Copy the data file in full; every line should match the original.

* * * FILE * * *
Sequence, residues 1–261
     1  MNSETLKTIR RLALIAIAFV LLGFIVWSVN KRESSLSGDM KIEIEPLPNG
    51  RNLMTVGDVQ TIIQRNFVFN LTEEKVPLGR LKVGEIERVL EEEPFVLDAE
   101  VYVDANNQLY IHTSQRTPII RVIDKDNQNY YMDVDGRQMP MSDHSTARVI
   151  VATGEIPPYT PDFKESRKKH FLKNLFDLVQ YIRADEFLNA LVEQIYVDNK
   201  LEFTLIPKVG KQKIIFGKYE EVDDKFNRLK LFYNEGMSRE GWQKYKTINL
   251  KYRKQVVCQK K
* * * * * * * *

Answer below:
Sequence, residues 1–261
     1  MNSETLKTIR RLALIAIAFV LLGFIVWSVN KRESSLSGDM KIEIEPLPNG
    51  RNLMTVGDVQ TIIQRNFVFN LTEEKVPLGR LKVGEIERVL EEEPFVLDAE
   101  VYVDANNQLY IHTSQRTPII RVIDKDNQNY YMDVDGRQMP MSDHSTARVI
   151  VATGEIPPYT PDFKESRKKH FLKNLFDLVQ YIRADEFLNA LVEQIYVDNK
   201  LEFTLIPKVG KQKIIFGKYE EVDDKFNRLK LFYNEGMSRE GWQKYKTINL
   251  KYRKQVVCQK K